He's one of the CFL's most active and productive linebackers but Hamilton Tiger-Cat Simoni Lawrence is showing he also has a nose for the end zone.
Lawrence, in his ninth CFL season -- eighth with Hamilton -- has returned two interceptions for touchdowns this season. That leaves the 32-year-old American tied with running back Sean Thomas Erlington for the team's TD lead.
Heady stuff considering Lawrence entered the season with just one career TD, that coming on a 37-yard interception return in 2016. But despite his scoring prowess, the colourful Lawrence -- widely considered one of the CFL's top trash-talkers -- hasn't petitioned Ticats head coach Orlondo Steinauer for time on offence.
"Nah, man, I'm good on the defensive side," Lawrence said with a chuckle during a video conference Monday. "It (TDs) is just my teammates.
"Everybody is going a great job just doing their job. My coach (linebackers coach Mike Ross) really helps me out a lot with my transition, reading through my keys and breaking to the ball. We really emphasize that."
Lawrence's 15-yard interception return TD anchored Hamilton's 23-17 home win over the Calgary Stampeders on Friday night. He provided the Ticats with their lone touchdown as Maleek Irons had a two-point convert and Taylor Bertolet booted five field goals.
With injuries to Dane Evans (lower body) and Jeremiah Masoli (ribs), veteran Dave Watford earned his first CFL career start against Calgary. He finished 19-of-22 passing for 149 yards and ran 10 times for 35 yards, but most importantly didn't commit any turnovers in leading Hamilton to a third win in four games.
Watford will make a second straight start Wednesday when Hamilton (3-3) visits the Ottawa Redblacks (1-4).
Masoli served as Watford's backup against Calgary and will do so again Wednesday night. But Hamilton will be minus receiver Brandon Banks (ribs) for a third straight game while big-play receivers Bralon Addison (knee) and DeVier Posey (calf) have yet to play this year.
And veteran offensive lineman Chris Van Zeyl (thumb), the CFL's top lineman in 2019, remains on the six-game injured list.
Even with so many injuries on offence, Lawrence said the Ticats have always been a defence-first squad during his time in Hamilton. So far this year, the unit has opponents to 19 points or less in five of the club's six games.
"Just the city of Hamilton, they love their defence and that's just how we play," Lawrence said. "We do set a number (of points to hold opponents to), the number is always less than we have.
"We just come in there and understand that it's going to be tough for teams just to drive the ball on us. So we play top-down defence and just try not to give up big plays."
Lawrence was the East Division's top defensive player in 2019 when he registered a CFL-high 98 tackles with four sacks and three interceptions. This year, Lawrence has 37 tackles with a sack and the two interceptions.
"Simoni has no desire to be mediocre," Steinauer said. "And he has no fear of failure so when you get the best of him on a play or he gets the best of you, he's going to come at you just as hard the next time.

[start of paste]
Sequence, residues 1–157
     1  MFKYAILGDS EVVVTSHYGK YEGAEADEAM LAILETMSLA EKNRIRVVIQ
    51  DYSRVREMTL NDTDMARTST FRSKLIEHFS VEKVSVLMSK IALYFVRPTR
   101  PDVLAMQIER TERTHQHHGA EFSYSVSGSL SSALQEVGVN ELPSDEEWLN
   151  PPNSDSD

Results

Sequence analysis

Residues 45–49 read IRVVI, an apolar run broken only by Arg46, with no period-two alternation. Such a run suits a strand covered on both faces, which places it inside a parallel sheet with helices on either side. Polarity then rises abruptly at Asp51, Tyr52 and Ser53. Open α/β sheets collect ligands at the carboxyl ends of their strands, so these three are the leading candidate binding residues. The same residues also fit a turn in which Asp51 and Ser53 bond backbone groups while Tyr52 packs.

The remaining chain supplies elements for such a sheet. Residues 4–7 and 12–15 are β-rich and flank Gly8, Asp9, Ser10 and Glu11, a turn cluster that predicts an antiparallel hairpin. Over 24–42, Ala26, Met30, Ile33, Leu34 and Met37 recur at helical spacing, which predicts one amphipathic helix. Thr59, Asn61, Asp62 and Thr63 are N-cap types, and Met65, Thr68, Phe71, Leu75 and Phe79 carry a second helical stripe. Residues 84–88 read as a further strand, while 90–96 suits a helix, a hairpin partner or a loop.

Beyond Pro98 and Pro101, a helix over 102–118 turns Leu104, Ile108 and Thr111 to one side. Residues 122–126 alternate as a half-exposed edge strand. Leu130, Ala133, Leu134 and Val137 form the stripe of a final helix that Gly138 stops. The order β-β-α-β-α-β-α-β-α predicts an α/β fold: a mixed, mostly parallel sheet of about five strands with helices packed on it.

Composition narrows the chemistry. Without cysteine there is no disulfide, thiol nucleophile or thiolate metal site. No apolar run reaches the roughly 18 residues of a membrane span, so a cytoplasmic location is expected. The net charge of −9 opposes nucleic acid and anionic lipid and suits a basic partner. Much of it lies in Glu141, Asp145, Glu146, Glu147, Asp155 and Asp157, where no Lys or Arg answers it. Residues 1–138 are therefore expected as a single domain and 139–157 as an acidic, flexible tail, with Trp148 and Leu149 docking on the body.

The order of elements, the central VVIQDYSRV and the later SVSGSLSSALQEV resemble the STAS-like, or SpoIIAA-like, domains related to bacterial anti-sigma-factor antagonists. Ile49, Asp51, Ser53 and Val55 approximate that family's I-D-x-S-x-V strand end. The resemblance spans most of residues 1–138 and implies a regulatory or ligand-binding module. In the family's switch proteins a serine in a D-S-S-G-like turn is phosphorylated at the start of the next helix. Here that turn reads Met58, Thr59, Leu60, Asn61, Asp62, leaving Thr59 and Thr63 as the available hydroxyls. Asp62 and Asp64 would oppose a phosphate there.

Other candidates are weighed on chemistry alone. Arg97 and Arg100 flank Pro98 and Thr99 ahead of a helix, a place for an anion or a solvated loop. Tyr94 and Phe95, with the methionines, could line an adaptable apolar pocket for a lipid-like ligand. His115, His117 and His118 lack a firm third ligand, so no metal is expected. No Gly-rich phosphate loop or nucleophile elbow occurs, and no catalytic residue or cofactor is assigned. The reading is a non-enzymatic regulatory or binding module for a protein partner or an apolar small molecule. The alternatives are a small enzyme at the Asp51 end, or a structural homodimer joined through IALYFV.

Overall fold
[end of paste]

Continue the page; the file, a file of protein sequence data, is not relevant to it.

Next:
"I'm proud of him. I'd be lying if I said I didn't expect that from him and I think if you asked him he would expect it from himself. He doesn't rest on those things."
Hamilton defensive tackle Dylan Wynne said the impact an interception-return TD can have on a game is huge.
"If you get an interception touchdown, that's a game-changer," he said. "If you win the takeaway margin I think it's like an 80-to-90 per cent chance you're going to win.
"But if you get a pick-six on defence, man, that shoots way up. Momentum plus field position equals points and when you get all of that at once, it's a good day."
The six-foot-one, 231-pound Lawrence anchors a linebacking corps that features Jovan Santos-Knox and Kameron Kelly. Santos-Knox is a CFL veteran but is in his first season with Hamilton while Kelly is in his first campaign north of the border.
"It's been electric," Lawrence said. "I think Kam and Jovan, they're doing a great job coming on the field every day and being very productive (and) very easy to work with."
Although the Ticats are nearing the halfway point of the CFL's condensed 14-game season, Wynne said the defence hasn't yet established its identity. But with so many returnees from the '19 unit that helped Hamilton win a club-record 15 games and reach the Grey Cup, familiarity shouldn't be an issue down the stretch.
"There's a lot of time to develop our true identity but I'm liking how it's going, for sure," Wynne said. "The gears are starting to click a little faster, the cogs are starting to go a little quicker and that's definitely a comfortability thing.
"But I think that's something that kind of happens as the team gets to know each other better and better. Friendships and bonds are forged through adversity. It's something that will just deepen and continue to progress as the season goes along."
This report by The Canadian Press was first published Sept. 20, 2021.
Dan Ralph, The Canadian Press